Need Definition

needed, needs
Necessity or obligation created by some situation.
No need to worry.
Webster's New World
Something useful, required, or desired that is lacking; want; requirement.
List your daily needs.
Webster's New World
A lack of something useful, required, or desired.
To have need of a rest.
Webster's New World
A condition characterized by hardship or serious deficiency.
Flood victims in need of food and shelter.
Webster's New World
A condition of poverty, or extreme want.
Webster's New World
needed, needs
To be necessary; chiefly in impersonal or subjunctive constructions.
He need not worry.
Webster's New World
To be under the necessity of or the obligation to.
They need not come. You needn't be concerned.
American Heritage
To be in need.
Webster's New World
To have an obligation (to do something).
You need to clean up your room.
American Heritage
To have need of; want or lack; require.
He need not come, he needs to be careful.
Webster's New World
  • do with
  • be up against it
  • be hard up
  • be down and out
  • feel-the-pinch
  • live from hand to mouth
  • not approach
  • go hungry
  • be deficient in
  • have need for
  • have use for
  • feel a dearth
  • be inadequate
  • be-short
  • be destitute
have need to
  • to be compelled or required to; must
Webster's New World
if need be
  • if it is required; if the occasion demands
Webster's New World

Other Word Forms of Need



Idioms, Phrasal Verbs Related to Need

Origin of Need

  • From Middle English need, nede, partly from Old English nÄ«ed, nÄ“ad (“necessity, inevitableness, need, urgent requirement, compulsion, duty; errand, business; difficulty, hardship, distress, trouble, pain; violence, force"), from Proto-Germanic *naudiz, *nauþiz (“need, trouble, force, distress, compulsion, fate, destiny"), from Proto-Indo-European *nAut- (“torment, misfortune"), from Proto-Indo-European *nāw- (“the dead, corpse"); and partly from Old English nÄ“od (“desire, longing; zeal, eagerness, diligence, earnestness, earnest endeavor; pleasure, delight"), from Proto-Germanic *neudō, *neudaz (“wish, urge, desire, longing"), from Proto-Indo-European *new- (“to incline, tend, move, push, nod, wave"). Cognate with Scots nede (“need"), North Frisian nud (“hardship, danger, fear, self-defense, compulsion, control"), West Frisian need (“need"), Dutch nood (“need, want, distress, peril"), Low German noot (“need"), German Not (“need, distress, necessity, hardship"), Danish nød (“distress, need, necessity"), Swedish nöd (“distress, need, necessity, want"), Icelandic neyð, nauð (“distress, emergency, need"), North Frisian njoe (“requirement, foredeal, benefit, convenience"), Middle Low German nüt (“desire, need, longing"), Middle High German niet (“longing, desire, eagerness, zeal"), German niedlich (“desirable, appealing, lovely, cute"). More at needly. Old norse nauð(r) ("powerty,distress, lack of")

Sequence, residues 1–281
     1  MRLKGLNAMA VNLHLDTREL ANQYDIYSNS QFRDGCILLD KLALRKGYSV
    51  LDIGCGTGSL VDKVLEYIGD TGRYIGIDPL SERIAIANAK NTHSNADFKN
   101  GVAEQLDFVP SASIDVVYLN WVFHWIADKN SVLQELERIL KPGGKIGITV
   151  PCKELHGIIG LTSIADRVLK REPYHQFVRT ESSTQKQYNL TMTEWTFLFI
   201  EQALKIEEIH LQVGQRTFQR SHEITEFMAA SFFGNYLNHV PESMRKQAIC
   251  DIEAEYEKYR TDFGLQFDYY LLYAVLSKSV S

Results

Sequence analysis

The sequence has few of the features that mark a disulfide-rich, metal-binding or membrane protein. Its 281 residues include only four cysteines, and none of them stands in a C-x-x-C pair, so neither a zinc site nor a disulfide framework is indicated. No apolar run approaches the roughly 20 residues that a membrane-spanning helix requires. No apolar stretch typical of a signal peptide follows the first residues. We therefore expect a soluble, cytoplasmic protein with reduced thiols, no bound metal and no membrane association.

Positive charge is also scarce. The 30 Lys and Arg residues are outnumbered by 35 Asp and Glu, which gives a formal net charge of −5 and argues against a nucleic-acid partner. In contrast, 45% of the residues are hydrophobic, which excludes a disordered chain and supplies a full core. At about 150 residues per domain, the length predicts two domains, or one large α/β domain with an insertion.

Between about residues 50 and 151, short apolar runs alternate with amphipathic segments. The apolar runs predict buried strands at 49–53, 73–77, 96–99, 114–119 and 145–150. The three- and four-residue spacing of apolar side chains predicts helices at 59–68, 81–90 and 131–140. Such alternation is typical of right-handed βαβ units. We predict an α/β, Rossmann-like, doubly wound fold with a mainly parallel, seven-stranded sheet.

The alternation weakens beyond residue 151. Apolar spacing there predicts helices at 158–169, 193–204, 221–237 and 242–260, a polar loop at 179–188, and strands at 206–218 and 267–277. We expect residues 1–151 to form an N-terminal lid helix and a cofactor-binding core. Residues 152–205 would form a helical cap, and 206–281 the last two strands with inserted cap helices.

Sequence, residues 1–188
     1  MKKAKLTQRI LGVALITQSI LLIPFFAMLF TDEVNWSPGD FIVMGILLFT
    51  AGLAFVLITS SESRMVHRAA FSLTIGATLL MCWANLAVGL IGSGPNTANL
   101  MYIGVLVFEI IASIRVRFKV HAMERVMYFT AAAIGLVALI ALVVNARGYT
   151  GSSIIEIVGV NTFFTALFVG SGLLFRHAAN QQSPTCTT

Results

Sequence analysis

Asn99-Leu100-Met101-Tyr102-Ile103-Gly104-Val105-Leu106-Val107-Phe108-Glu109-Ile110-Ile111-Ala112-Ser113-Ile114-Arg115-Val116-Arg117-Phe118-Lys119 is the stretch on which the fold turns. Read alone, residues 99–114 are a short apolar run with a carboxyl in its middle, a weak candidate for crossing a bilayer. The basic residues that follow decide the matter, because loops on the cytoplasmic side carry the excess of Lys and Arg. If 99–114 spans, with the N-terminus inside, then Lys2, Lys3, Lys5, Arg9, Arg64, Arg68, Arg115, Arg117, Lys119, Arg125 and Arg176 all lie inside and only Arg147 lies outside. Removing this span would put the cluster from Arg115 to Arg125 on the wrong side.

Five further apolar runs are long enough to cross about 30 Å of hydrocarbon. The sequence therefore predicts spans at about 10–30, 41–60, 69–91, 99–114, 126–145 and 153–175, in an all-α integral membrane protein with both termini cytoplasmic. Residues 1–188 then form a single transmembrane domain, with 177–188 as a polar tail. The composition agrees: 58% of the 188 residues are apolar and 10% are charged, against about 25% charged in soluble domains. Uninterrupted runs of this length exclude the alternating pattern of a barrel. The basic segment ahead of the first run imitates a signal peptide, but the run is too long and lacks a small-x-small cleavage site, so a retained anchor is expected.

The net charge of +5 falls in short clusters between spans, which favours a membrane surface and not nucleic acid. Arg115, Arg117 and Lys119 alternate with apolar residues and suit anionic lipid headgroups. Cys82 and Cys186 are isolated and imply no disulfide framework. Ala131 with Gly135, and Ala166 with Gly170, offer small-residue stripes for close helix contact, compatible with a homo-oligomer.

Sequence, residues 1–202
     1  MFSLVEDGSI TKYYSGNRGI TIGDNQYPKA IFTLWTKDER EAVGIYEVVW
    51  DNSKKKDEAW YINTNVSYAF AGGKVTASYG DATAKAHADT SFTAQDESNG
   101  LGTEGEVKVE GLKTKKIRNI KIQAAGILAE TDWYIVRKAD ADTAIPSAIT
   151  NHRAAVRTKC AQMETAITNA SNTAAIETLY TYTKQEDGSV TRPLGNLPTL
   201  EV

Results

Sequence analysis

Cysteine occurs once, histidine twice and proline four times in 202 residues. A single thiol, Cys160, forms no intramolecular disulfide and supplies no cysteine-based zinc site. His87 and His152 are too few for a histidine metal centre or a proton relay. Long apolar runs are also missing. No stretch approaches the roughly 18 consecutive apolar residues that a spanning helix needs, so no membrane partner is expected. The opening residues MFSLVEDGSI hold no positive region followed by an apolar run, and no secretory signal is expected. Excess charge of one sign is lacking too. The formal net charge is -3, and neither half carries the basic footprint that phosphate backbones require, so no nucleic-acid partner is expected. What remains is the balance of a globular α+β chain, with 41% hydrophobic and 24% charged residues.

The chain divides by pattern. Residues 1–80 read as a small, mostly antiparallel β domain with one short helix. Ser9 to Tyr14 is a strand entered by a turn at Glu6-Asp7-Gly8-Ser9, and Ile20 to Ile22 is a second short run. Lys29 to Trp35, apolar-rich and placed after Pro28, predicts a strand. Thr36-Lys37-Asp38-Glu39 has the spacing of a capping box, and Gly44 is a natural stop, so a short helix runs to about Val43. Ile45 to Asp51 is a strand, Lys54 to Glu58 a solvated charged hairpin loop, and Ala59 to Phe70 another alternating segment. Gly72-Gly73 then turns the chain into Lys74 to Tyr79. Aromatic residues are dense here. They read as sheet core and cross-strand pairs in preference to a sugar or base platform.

From Wiktionary

  • Middle English nede from Old English nēod, nēd distress, necessity

    From American Heritage Dictionary of the English Language, 5th Edition

  • From Middle English neden, from Old English nÄ“odian.

    From Wiktionary

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